The problem for Mr. Innes was that the screening officers did nothing wrong. Apart from perhaps displaying less than optimal customer service skills, they were adhering to their standard operating procedures, which in turn had been derived from the legal requirements for screening in Australia.
And so, in a situation where the airport has systems in place to do the right thing, the screening officers involved were doing the right thing, and the passenger themselves was well traveled and well informed, how could it go so wrong, and why does it go so wrong so often?
The intersection between aviation security and facilitation is always a challenging one, and the balance between the smooth flow of passengers and the delivery of aviation security outcomes can be hard to achieve even when facilitating the movement of ‘able-bodied’ passengers from curbside to the aircraft.
So, what happens when passengers with disabilities (physical, psychological, obvious and hidden) arrive in this space?
There are no shortages of examples around the world of people with disabilities receiving less than optimal service at screening points. The inappropriate handling of passengers in wheelchairs, separation of people from their assistance animals, and subjecting people with sensory issues to physical searches being among the more commonly raised complaints.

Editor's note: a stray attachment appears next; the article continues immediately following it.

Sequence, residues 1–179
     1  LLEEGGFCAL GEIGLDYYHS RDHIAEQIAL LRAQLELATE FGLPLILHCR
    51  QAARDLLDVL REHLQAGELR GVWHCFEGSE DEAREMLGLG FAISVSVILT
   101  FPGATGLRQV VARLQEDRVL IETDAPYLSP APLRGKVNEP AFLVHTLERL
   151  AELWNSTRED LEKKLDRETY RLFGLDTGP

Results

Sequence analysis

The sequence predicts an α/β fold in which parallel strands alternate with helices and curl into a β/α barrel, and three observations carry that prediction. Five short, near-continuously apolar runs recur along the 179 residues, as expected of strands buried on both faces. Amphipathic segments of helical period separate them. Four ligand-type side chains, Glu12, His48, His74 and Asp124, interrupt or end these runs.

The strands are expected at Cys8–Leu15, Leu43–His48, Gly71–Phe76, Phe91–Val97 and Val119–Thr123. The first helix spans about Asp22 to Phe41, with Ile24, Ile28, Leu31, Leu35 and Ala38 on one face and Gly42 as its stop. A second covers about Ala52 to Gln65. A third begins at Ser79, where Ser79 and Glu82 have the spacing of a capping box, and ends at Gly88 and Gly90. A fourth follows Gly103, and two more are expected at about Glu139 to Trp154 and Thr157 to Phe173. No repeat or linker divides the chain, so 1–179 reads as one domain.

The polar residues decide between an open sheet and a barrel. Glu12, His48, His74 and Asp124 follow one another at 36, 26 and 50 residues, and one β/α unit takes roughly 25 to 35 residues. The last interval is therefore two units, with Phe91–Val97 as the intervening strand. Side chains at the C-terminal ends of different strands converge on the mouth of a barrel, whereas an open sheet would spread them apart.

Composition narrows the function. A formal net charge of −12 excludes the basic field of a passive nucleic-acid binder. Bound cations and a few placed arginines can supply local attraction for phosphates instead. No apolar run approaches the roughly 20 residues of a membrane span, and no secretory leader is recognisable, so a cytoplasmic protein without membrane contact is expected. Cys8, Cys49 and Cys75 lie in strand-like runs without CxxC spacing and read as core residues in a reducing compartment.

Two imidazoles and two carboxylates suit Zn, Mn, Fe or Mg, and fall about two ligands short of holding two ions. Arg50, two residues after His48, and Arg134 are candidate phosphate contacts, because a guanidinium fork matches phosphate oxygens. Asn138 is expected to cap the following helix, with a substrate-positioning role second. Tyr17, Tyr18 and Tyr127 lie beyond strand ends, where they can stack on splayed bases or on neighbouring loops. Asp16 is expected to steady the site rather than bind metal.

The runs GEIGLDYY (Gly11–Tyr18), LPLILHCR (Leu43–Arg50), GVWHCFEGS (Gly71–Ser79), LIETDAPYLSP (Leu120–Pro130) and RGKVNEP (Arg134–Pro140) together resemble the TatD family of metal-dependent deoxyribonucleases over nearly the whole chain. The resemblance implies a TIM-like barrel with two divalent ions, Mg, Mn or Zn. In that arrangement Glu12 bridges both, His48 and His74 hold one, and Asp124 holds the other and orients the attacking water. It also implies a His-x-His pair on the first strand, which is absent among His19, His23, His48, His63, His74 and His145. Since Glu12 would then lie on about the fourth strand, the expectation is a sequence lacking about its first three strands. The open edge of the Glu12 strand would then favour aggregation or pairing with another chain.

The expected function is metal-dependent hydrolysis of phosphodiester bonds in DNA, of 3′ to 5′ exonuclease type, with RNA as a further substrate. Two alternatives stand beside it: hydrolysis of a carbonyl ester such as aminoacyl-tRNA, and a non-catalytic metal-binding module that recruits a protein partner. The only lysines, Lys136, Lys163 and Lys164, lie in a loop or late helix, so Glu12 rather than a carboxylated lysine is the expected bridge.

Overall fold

Given around 20 percent of people have some form of disability, and given the often minimal training security screeners are given regarding the facilitation of passengers with a disability, what can screening providers and airports do to better meet the needs of this substantial slice of the traveling public?
Screening points are, at their core, not designed to accommodate difference, but are designed based on the somewhat shaky assumption that, give or take some height and weight differences, everyone who turns up at a screening point is basically the same, understands what is required of them, can prepare themselves unaided, and can ambulate unassisted through the screening process.